Junaid Bhatra

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Recent posts by Junaid Bhatra

For java source compiled with the debug option (-g), the class files contain the method paramter names. However these are not available via Reflection. Does anyone know of a way to get these? Does JavaAssist or BCEL provide such a facility? I had a quick look at JavaAssist API and could not find a way.

I need the paramter names for a custom WSDL creation from Java Source files for Web Services development. I would like the WSDL parameters to be something meaningful rather than generic param1, param2, etc. I know that Web Service engines like Axis do the exact same thing, probably via class file parsing, which I would hate to do on my own.
18 years ago
You can think of the Home interface as really being a factory for creating/locating your actual EJBObjects. In general it's a good design to separate your business object interface (Remote interface) from the
interface that manages the location/life-cycle of your business objects. You should not mingle up the two.
Here's an example:

Here tns:MAXWORKORDER refers to a concrete element in your schema definition within the <types> section of your WSDL.
21 years ago
We had the exact same requirement and here's the apporach we took:
Publish our services in AXIS via the "message-style" service that AXIS offers.
Basically you hand-write the WSDL, which contains the schema definitions of the message parts, and you publish this as a document/literal type of webservice.
Within AXIS, you specify the style of the webservice as "message", and point it to your custom WSDL:

The method signature looks like:

Here the entire contents of the <SOAP-BODY> is handed to your method as a DOM Document object.
AXIS allows 4 method signatures for message-style service(read the document for that).
Using this approach we accomplish the following things:
1) Pass around XML messages within SOAP without the overhead of XML/Java Object data-binding.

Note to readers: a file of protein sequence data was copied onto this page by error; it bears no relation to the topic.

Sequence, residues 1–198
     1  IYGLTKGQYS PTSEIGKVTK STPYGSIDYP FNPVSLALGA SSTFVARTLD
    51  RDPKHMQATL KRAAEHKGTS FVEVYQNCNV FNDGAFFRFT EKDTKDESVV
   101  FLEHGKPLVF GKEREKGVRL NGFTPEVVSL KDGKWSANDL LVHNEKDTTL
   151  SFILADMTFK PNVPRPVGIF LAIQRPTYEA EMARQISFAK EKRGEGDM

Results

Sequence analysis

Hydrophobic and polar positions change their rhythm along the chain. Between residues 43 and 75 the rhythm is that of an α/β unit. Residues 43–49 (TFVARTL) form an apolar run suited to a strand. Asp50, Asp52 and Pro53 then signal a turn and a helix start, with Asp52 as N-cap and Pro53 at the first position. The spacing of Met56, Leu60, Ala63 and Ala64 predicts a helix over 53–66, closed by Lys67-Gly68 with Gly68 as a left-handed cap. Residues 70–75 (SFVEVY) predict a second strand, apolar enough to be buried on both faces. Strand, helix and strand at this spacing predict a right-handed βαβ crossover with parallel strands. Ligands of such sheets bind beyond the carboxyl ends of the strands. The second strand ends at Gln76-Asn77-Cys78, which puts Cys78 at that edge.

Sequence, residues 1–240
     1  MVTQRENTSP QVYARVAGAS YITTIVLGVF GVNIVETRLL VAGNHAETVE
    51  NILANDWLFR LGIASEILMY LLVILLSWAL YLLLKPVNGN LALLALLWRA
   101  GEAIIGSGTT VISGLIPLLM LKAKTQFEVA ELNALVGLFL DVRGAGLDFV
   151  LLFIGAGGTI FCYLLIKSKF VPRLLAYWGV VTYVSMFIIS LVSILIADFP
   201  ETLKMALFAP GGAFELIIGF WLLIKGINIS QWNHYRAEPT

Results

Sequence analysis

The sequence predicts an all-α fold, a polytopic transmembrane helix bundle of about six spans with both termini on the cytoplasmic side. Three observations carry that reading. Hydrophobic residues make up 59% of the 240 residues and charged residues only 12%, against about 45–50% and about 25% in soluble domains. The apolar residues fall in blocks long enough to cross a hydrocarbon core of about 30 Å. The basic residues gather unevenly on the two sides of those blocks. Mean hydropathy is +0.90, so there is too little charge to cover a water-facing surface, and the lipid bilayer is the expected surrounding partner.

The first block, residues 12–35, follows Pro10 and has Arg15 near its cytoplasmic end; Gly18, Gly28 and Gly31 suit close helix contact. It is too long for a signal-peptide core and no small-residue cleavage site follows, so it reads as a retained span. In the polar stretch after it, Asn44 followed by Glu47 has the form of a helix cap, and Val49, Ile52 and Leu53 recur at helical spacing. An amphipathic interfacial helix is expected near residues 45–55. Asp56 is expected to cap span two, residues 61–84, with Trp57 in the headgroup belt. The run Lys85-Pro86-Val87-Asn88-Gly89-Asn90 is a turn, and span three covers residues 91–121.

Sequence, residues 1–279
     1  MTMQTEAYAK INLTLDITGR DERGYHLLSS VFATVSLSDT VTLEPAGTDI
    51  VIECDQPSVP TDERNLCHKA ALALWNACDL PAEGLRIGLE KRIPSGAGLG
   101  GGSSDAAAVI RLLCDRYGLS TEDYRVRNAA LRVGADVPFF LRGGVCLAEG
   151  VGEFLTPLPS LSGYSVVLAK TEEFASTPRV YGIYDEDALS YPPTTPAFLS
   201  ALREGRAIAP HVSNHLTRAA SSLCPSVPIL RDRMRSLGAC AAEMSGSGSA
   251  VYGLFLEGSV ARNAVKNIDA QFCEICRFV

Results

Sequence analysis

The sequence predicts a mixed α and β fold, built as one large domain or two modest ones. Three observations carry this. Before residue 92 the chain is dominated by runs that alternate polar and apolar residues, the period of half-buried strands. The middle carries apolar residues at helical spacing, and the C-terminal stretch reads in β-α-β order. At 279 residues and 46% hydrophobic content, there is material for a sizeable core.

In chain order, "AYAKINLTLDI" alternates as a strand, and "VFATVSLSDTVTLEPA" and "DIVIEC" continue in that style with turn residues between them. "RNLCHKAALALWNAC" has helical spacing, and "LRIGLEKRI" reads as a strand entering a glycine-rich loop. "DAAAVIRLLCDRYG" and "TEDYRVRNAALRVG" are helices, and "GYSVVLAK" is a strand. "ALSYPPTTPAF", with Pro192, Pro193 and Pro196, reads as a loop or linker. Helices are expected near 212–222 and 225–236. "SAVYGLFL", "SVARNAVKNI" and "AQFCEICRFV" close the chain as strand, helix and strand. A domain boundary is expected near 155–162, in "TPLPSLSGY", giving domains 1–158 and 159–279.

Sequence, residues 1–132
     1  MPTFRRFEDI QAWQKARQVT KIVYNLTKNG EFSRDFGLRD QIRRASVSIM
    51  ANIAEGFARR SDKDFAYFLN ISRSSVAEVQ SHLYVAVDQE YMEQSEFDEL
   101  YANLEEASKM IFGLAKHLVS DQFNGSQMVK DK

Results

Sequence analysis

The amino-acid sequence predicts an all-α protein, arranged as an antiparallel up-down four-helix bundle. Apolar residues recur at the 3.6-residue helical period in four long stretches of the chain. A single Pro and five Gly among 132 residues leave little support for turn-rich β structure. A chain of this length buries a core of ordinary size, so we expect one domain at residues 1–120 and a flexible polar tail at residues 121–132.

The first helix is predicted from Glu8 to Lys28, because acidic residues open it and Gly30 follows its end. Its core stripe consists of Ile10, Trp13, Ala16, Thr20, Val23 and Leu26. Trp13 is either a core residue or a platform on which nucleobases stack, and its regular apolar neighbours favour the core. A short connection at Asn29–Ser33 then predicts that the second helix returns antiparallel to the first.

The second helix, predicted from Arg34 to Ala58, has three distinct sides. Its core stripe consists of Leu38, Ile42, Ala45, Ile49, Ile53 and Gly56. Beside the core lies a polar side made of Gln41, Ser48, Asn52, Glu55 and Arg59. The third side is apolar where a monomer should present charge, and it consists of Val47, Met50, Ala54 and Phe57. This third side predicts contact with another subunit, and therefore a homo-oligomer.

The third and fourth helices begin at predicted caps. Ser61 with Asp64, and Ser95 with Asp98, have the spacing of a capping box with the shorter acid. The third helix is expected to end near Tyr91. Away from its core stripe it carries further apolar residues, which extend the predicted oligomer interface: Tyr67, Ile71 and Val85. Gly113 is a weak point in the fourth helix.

2) Indicate to the end-user the schema of the input and output XML messages that you expect.
Note that for message-style webservices, AXIS hands you the entire SOAP-Body, it does not convert them to Java objects, neither does it do any schema validation (it's up to you to do that)
Hope that helps.
21 years ago
Normalizing an XML document means removing whitespace characters (spaces, tabs, linefeeds, etc) from the XML document so that you can directly work with the element & attribute values. It's useful when you wish to compare 2 XML documents.
Canonicalizing an XML document is a much stricter process, which involves among other things, replacing character & parsed entity references with their values, and replacing CDATA sections with their character content.
I've read that JAXM won't be part of J2EE 1.4. Where does this leave this API, considering that many SOAP implementations (including AXIS) do not currently implement it. Is JAX-RPC, SAAJ all that is required for a SOAP implementation to be J2EE 1.4 compliant?
21 years ago
You could try using:

However be careful when you use classes from 1.4 & the target JRE is not 1.4. The problem is that some JRE's may implement eager loading of classes, i.e when your class is loaded, the JVM might try to resolve all symbolic references and load those classes as well up front. So you may end up getting ClassDefNotFoundErrors, even though you are detecting & avoiding the usage of 1.4 classes.
You can work-around this issue by using Reflection and avoiding any symbolic references to 1.4 classes in your code.
[ November 07, 2002: Message edited by: Junaid Bhatra ]
21 years ago
We are having the same problem too.
WAS 5 beta is not available for download. WSAD 5 is not available for download yet(not even the trial version). WAS Technology for Developers is too old a release to be testing your stuff on (more than 7-8 months old). So the only choices available if you need to test your application on WAS 5 are:
1)Shell out a few thousand bucks for WSAD 5
2)Wait until Dec (or gawd knows when....IBM has already delayed the release of 5 before).
This after the fact that we are an existing 4.x customer and would like to move & test our J2EE 1.3 stuff to WAS 5. IBM really drives me nuts sometimes too!
WebSphere is probably the *only* appserver today which does not have a production J2EE 1.3 compliant version. So much for being the first!
[ October 31, 2002: Message edited by: Junaid Bhatra ]
To answer some questions:
1) The platform default encoding can be obtained by System.getProperty("file.encoding")